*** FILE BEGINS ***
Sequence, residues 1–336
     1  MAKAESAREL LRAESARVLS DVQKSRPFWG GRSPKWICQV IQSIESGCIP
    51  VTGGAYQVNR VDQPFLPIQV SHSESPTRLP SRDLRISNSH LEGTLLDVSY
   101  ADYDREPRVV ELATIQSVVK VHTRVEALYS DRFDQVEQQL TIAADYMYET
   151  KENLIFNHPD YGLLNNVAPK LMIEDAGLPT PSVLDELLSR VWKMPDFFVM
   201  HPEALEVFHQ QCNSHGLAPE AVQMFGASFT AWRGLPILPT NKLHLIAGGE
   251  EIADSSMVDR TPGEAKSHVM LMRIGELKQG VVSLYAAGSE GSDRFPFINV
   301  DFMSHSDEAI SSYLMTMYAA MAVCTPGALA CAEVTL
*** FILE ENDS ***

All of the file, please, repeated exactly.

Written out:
Sequence, residues 1–336
     1  MAKAESAREL LRAESARVLS DVQKSRPFWG GRSPKWICQV IQSIESGCIP
    51  VTGGAYQVNR VDQPFLPIQV SHSESPTRLP SRDLRISNSH LEGTLLDVSY
   101  ADYDREPRVV ELATIQSVVK VHTRVEALYS DRFDQVEQQL TIAADYMYET
   151  KENLIFNHPD YGLLNNVAPK LMIEDAGLPT PSVLDELLSR VWKMPDFFVM
   201  HPEALEVFHQ QCNSHGLAPE AVQMFGASFT AWRGLPILPT NKLHLIAGGE
   251  EIADSSMVDR TPGEAKSHVM LMRIGELKQG VVSLYAAGSE GSDRFPFINV
   301  DFMSHSDEAI SSYLMTMYAA MAVCTPGALA CAEVTL